Troy Polamalu is one of my favorite players in the league. As a Ravens fan whose heart despises everything that is black and gold, I'm compelled to say that he is truly spectacular. (The picture to the left is his interception return for a touchdown that saved the AFC Championship game for Pittsburgh last year.) He's also a classy and selfless player who never showboats, a breath of fresh air in today's NFL. Unfortunately for Steelers fans, his injury this season has revealed just how great a player he is.
Polamalu has played in five games this season and has missed nine. Using the Win Probability (WP) model, we can calculate the Win Probability Added for any play (WPA). We can also sum WPA for any team, squad, or player to estimate the context-dependent contribution of that player to his team's chances of winning.
WPA for defensive players is particularly problematic. If a running back evades all ten other defenders but is tracked down 60 yards later at the 5-yard line by the eleventh, it's the tackler that will show up in the play-by-play and be charged with the loss in WP. That doesn't make sense.
But Polamalu's 2009 season provides us with a special opportunity. We can measure the WPA of the entire Steelers defense when Polamalu is playing and compare it to the WPA of the Steelers defense when he's not.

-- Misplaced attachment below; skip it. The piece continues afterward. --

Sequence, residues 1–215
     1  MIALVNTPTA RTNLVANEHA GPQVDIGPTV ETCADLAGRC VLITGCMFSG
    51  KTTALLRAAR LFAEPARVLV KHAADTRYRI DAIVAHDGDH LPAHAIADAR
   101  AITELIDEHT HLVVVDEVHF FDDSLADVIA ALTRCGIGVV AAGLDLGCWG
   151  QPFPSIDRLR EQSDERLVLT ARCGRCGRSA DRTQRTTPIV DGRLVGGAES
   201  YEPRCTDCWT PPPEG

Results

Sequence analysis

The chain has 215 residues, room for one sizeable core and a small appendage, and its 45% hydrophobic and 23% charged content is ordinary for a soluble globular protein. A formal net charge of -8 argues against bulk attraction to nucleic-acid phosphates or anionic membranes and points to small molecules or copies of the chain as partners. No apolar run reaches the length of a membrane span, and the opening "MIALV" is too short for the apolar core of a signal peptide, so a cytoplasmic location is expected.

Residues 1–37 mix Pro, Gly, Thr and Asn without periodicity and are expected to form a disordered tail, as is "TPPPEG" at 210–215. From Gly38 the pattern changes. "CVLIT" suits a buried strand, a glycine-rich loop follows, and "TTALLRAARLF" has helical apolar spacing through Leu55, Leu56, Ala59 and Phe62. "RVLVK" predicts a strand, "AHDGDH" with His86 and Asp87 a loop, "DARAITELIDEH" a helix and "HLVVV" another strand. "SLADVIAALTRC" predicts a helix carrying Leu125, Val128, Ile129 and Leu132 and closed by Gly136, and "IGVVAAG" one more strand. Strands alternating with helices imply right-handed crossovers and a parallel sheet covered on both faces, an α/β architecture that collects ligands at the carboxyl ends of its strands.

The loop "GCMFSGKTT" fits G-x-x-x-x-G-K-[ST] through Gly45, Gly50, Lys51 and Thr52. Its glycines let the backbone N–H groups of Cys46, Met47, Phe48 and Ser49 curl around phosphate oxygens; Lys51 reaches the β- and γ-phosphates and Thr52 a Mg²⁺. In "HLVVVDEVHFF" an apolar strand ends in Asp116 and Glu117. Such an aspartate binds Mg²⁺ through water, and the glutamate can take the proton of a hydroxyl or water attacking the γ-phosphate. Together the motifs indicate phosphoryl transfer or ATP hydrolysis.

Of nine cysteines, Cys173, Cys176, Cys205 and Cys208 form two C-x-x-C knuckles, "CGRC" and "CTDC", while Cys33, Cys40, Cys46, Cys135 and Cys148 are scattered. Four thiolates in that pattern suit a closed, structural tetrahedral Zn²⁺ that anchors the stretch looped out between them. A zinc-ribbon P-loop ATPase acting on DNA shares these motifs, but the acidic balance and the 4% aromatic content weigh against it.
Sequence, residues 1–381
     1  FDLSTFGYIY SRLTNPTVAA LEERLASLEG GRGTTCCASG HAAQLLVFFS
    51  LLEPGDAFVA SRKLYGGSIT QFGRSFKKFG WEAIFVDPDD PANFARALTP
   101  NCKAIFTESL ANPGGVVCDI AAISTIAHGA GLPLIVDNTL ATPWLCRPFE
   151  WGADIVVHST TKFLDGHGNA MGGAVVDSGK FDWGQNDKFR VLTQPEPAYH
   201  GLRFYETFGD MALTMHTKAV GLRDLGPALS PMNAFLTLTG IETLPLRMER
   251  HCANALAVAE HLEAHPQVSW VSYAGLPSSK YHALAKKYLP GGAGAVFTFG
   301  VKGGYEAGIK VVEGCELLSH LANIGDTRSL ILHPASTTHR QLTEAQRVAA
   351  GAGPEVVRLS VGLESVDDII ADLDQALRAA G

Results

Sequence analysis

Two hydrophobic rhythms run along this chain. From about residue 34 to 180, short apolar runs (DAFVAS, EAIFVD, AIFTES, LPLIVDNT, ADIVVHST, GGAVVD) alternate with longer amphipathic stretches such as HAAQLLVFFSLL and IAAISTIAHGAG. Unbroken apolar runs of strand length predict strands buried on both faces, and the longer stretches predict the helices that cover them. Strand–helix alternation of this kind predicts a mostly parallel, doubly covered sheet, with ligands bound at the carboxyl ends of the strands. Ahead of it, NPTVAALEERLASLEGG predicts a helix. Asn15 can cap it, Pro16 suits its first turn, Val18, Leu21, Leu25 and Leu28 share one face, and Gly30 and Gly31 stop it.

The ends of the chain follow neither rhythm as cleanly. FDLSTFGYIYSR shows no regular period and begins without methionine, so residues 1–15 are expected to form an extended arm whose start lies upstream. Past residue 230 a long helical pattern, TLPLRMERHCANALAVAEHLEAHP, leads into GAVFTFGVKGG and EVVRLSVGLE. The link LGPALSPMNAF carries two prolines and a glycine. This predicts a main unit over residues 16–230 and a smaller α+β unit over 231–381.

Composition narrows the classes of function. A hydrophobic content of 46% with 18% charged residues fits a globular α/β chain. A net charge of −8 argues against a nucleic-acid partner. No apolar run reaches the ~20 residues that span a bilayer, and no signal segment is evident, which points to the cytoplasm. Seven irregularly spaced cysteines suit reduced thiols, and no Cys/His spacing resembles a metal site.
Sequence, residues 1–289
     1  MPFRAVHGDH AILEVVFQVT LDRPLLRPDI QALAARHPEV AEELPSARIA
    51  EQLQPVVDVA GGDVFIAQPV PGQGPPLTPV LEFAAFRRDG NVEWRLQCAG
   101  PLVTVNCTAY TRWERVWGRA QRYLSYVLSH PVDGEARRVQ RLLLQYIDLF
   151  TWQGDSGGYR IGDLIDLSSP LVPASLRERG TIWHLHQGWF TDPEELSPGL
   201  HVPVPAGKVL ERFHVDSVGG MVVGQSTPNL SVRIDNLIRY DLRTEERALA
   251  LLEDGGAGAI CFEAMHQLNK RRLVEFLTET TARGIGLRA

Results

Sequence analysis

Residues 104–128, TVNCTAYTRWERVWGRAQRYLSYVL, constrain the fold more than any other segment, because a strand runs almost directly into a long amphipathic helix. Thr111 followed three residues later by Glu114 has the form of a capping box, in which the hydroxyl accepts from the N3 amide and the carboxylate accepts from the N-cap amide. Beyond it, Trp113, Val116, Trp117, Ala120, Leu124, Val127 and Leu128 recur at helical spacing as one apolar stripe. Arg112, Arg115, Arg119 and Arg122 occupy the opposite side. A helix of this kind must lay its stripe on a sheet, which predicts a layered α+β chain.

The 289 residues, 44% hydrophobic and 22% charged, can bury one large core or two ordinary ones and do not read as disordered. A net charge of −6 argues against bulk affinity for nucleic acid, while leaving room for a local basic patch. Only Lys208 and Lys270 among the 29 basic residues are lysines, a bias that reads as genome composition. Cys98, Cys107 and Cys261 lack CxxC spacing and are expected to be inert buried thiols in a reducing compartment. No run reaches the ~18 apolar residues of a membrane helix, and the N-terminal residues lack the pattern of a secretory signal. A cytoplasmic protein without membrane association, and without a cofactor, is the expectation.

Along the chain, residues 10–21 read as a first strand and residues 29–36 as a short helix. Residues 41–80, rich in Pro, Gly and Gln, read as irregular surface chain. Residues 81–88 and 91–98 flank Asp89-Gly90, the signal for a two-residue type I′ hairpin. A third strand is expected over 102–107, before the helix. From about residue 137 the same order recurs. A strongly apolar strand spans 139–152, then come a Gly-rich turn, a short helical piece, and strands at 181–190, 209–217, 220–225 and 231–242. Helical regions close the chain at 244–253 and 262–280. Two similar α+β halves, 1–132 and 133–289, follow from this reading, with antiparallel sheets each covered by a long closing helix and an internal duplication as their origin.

Essentially, this is a synthesis of two different concepts in advanced sports statistics: WPA and Plus/Minus. Win Probability Added may be familiar to readers here or to baseball sabermetric fans, but Plus/Minus may only be familiar to basketball and hockey fans. For example, in hockey, when a goal is scored, every player on the ice for the scoring team is credited with a plus, while every player on the ice for the team scored against gets a minus. This kind of stat is particularly useful for a player like a safety, who can deter a play by his very presence without actually defending a pass or making a tackle. He makes it easier for a teammate to make a play. This is also sometimes called a 'WOWY' stat--'With Or Without You.'
Combining these two concepts gives us WPA+/-, defined as the sum of the increases and decreases in WP for a player's team while he's on the field. For the vast majority of NFL players, this concept has very limited application. But when an undisputed difference-maker like Polamalu is suddenly sidelined, we can get a good idea of just how valuable he is.
For the five games in which Polamalu has played, the Steelers defense posted a -2.39 WPA, an average of -0.49 WPA/game. (Negative values are good for defenses.) To put that in perspective, a team starts with a 0.50 WP, so a net of another 0.50 WPA can add up to a win. You could say the Steelers defense, all by itself, could have won those five games with only a modest contribution from their offense.
In the nine games Polamalu has missed, the Steelers defense posted a +1.05 WPA, an average of +0.12 WPA/game. Losing Polamalu takes the Steelers defense from close-to-unbeatable to below-average.
You could say Polamalu has been worth a 0.61 WPA/game for Pittsburgh. Certainly part of that difference could be due to random variation or opponent strength, but it's very hard to discount the contribution of such a dynamic player. I bet if you polled the Steelers coaching staff, or their opponents' coaching staffs, they'd agree with this analysis.
The game-by-game breakdown of the Steelers defense WPA is provided in the table below. Games in which Polamalu participated are denoted by the asterisk.